Mike Yardley: Road-tripping the Murray Valley

Author
Mike Yardley,
Section
Travel,
Publish Date
Tuesday, 11 December 2018, 8:54p.m.
Rambling under the shady verandahs of Main Street, in the glow of the goldrush legacy, makes for a great stroll.
Rambling under the shady verandahs of Main Street, in the glow of the goldrush legacy, makes for a great stroll.

After departing the border-town of Albury, and crossing the Murray River into Victoria, a short drive along the Murray Valley Highway brought me to the heritage treasure chest of Rutherglen. Studded with a mix of elegant and rustic-chic Victorian architecture, the embracing township gained its name for the cost of a few beers. The 1860 gold strike spurred swift development and the entrepreneurial John Wallace, who built the Star Hotel, named the new goldfields township after his native home town in Scotland, in return for shouting the bar a round of drinks. How very Australian. Rambling under the shady verandahs of Main Street, in the glow of the goldrush legacy, makes for a great stroll.

But nowadays, the town’s name is synonymous with one of the world’s best fortified wine regions. As the insta-worthy main street retro billboard wittily exclaims, “Sydney may have a nice harbour, but Rutherglen has a great port.” That’s only part of the story, because the wine scene spans a plethora of varietals and blends. Today's inventive and passionate Rutherglen winemakers are not only showered with accolades for their fortifieds, but they are stamping their mark with emerging Rhone-style blends, alternative varieties and newer varieties including marsanne, roussanne, grenache and mourvedre. I started my exploratory at the Rutherglen Wine Experience Visitor Information Centre, housed in an 1862 drapery.

With fertile land and a mild climate, enterprising winemakers have capitalised on the conditions in and around Rutherglen since the first vines were planted in the 1850s. Rutherglen is one of the oldest wine-growing areas in Australia. If you’re a fan of big, bold reds you’ve got to savour their Durif, which hails from the South of France. Durif is actually a cross between the noble grape Syrah and the less well-known Peloursin, created by Dr. Durif at the University of Montpellier in the 1880s. He was a nurseryman who was looking to develop a grape variety resistant to downy mildew, one of many scourges of the vine.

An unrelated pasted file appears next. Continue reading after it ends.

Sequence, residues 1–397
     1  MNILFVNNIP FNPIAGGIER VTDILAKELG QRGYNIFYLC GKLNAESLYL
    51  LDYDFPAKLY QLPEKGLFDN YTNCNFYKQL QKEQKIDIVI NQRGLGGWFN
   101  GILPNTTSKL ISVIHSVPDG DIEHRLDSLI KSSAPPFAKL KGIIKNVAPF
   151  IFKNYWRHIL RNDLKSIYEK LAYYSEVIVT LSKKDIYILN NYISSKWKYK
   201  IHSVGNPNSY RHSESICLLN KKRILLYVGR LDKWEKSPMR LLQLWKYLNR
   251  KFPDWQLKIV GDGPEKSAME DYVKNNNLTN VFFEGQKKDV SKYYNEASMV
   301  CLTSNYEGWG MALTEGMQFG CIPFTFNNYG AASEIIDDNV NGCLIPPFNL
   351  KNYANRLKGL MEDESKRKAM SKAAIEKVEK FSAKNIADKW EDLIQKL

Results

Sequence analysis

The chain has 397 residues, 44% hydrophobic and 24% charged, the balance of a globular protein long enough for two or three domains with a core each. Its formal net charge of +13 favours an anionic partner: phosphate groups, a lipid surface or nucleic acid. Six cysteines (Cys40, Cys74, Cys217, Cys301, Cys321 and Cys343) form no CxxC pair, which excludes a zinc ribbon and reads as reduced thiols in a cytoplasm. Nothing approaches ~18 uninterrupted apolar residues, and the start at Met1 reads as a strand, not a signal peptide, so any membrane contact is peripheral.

Only a few token plantings remain in France today, but it’s prolific in Rutherglen after being introduced into Australia’s heavy red clays by pioneering Victorian viticulturalist Francois de Castella in 1908. Although only a few token plantings remain in France today, Durif is both successful and popular in Australia where it makes characterful, pitch-black wines. Stewed cherry, raisin, mixed fruit spice, dark leather, crushed violet, liquorice and chocolate are all qualities and characters this ‘big’ pitch-black wine can evoke. With over twenty cellar doors that you can visit, I only had time for a quick sample, so started at Rutherglen Estates, which produces premium table wines based on traditional, Mediterranean and alternative varietals.

The historic Cellar Door building, built in 1886, now houses the cellar door and the Aboriginal Exhibitions Gallery, which is a joint venture between the winery and Australian Aboriginal art collector, Hans Sip. Operating as a commercial art gallery housed within the Rutherglen cellar door complex, after sipping and swirling, it’s free to enter and admire the curated exhibitions. I also popped into All Saints Estate, with its majestically imposing entrance.

Think grand gates, monumental elm trees, gracious carriage lamps and splendidly tended gardens, crowned by a beautiful 1860's heritage-listed castle, keeping watch over the vineyards. Showcasing a sweeping range of award-winning table and fortified wines, all cellar door tastings are tailored to your wine interest. Another sterling stop is Campbells of Rutherglen. Sample the distinctive wines resulting from five generations of tradition, passion and innovation. The Campbell family has ahands-on approach and an uncompromising commitment to quality, producing star specimens like the Barkly Durif and Bobbie Burns Shiraz.